Tucson, AZ – Dwarfed by a four-story edifice of concrete and concertina wire, two boys passed a bullhorn back and forth between them, egging each other on and giggling at their game.
“Your lives matter!” one of them yelled at the rows of narrow windows and those locked away behind them.
“You’re important to us! All you guys!” yelled the other.
Inside the cells, lights flickered on and off, and shapes, obscured by distance and dark, moved in response.
On New Year’s Eve, outside the Pima County Jail on the western edge of Tucson, Arizona, a group of about 50 people gathered to ring in the new year and to remember the lives lost in the jail.
molly block, a volunteer with No Jail Deaths, the group organizing the event, addressed the crowd:
“Tonight, on New Years Eve, a time that marks transition and that marks change…as people across the world are coming to prisons and to jails to make noise, to respond to light flickers…we come here tonight to make noise, to create connection with each other, and to lean into and explore the vast ways that we can communicate with people inside even though we can’t see them or talk to them or hear them, but we can breathe and they can breathe and our breath can meet each other.”molly block, No Jail Deaths
Ten people lost their lives in the Pima County Jail in 2022 alone, making a total of 29 people who have died in the jail since the beginning of 2020. The yearly death rate of the jail is more than three times the national average.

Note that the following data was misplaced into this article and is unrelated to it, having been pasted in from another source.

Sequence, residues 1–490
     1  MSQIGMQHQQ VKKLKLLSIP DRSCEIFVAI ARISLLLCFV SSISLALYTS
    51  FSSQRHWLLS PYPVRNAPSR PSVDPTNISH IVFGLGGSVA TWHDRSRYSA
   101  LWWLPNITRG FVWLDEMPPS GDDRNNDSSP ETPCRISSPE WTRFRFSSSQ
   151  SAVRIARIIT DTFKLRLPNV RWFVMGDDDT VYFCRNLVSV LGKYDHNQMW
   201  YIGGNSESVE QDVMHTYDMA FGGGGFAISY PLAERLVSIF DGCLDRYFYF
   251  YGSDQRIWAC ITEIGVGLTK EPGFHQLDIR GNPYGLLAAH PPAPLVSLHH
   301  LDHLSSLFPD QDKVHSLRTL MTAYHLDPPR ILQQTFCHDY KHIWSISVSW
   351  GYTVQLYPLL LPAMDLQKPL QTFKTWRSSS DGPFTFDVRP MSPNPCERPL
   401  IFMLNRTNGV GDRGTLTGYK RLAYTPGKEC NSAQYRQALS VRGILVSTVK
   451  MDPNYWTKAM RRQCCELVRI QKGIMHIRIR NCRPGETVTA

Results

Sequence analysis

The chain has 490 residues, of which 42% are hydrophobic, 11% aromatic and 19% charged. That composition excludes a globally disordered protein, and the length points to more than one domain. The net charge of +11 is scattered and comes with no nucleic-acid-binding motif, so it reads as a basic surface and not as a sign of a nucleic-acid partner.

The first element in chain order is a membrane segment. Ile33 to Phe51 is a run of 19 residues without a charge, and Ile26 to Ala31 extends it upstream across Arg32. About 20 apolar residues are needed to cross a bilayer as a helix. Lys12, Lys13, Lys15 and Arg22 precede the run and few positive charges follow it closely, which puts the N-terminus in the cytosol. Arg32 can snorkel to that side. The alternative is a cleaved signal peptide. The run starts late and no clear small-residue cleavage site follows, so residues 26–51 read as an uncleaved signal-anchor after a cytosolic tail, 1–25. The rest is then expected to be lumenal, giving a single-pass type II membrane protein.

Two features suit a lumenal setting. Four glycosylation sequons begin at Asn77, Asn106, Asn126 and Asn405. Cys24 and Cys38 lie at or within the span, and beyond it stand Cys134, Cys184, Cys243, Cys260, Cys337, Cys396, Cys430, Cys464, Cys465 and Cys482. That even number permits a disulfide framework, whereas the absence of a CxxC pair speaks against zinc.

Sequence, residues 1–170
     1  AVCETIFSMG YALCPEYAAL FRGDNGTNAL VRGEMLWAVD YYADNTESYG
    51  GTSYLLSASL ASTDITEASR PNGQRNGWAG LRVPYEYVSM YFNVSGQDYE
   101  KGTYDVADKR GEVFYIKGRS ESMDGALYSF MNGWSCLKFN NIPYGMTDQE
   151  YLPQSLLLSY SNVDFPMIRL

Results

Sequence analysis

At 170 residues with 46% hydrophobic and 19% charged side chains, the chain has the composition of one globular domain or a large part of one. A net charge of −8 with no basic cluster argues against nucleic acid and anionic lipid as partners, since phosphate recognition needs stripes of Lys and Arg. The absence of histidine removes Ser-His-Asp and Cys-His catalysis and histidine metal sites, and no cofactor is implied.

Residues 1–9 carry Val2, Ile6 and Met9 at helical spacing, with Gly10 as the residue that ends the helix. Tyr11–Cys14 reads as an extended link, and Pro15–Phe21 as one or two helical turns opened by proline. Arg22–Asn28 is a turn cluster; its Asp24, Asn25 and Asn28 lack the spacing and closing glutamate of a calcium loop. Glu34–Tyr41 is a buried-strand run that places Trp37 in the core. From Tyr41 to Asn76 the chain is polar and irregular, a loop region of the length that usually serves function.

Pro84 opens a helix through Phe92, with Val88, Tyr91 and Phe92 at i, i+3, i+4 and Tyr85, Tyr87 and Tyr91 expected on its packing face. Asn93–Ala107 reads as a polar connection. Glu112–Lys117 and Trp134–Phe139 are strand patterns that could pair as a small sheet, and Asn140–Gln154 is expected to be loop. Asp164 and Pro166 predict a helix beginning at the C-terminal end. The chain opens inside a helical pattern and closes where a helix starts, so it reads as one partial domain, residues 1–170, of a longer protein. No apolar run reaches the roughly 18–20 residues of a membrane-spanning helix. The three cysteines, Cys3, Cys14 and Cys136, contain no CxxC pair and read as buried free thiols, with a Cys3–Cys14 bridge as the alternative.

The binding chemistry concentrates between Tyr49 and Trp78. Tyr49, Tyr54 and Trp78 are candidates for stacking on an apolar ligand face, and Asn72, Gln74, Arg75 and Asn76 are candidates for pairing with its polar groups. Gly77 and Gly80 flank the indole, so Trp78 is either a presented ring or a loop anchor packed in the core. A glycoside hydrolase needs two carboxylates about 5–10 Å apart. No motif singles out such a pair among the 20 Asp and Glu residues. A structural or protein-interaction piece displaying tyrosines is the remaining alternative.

In fact, the vast majority of jails in the country do not report any deaths per year at all. According to the Bureau of Justice Statistics, from 2000 to 2019, an average of 81% of jail jurisdictions in the U.S. reported no deaths during the calendar year. Only 6% of jails in the country reported 2 or more deaths per year.
No Jail Deaths’ website hosts a memorial page commemorating each person who died in the jail in the last three years. Last year, Unicorn Riot reported on the death of a local hip-hop artist, Justin Crook, aka J-Mac the Coldest, in the jail.
This ongoing crisis has passed with little more than lip service from those in power. Sheriff Chris Nanos, who runs the jail, has repeatedly sloughed off responsibility for the massive loss of human life, insisting against all evidence that it is normal.
In December, the Pima County Board of Supervisors approved $11 million in pay increases and bonuses for jail staff. Sheriff Nanos, seemingly leveraging deaths in the jail to increase his budget, has called the situation at the jail a “full-blown crisis.”
The new wage increase brings the hourly pay for a corrections officer at the jail to $24.27, up from $22.58, a 7.5% salary increase, according to a memo from the county.
“It’s a really hard thing to do,” said Rosanne Inzunza, whose son Sylvestre Miguel Inzunza IV died in the jail in February, “but I did want to come out because I don’t want it to keep happening.”
For about two hours, the group banged pots and drums, shouted chants, and blasted music in front of the jail, eventually marching out to Silverlake Road and blocking traffic in the westbound lane. They filled the night air with an arrhythmic cacophony infused with equal parts joy and grief.